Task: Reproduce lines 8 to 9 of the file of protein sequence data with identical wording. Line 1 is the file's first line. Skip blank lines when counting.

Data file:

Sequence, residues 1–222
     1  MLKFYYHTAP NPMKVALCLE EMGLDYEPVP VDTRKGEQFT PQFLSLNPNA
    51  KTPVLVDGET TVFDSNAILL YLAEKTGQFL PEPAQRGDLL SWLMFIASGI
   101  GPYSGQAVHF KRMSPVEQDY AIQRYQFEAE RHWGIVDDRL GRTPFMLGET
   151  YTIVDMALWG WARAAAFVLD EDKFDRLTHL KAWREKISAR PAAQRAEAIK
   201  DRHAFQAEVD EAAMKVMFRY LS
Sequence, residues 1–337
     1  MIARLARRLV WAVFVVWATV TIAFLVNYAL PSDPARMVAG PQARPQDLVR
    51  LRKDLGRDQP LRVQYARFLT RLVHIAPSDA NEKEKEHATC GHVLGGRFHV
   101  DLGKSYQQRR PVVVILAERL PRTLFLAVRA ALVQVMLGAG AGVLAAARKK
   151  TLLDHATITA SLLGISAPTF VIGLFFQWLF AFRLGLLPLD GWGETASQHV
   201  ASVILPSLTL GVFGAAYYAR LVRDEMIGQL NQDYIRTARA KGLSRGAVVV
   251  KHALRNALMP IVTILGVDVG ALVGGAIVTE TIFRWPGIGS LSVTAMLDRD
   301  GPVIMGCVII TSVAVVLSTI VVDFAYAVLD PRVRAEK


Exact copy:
     1  MIARLARRLV WAVFVVWATV TIAFLVNYAL PSDPARMVAG PQARPQDLVR
    51  LRKDLGRDQP LRVQYARFLT RLVHIAPSDA NEKEKEHATC GHVLGGRFHV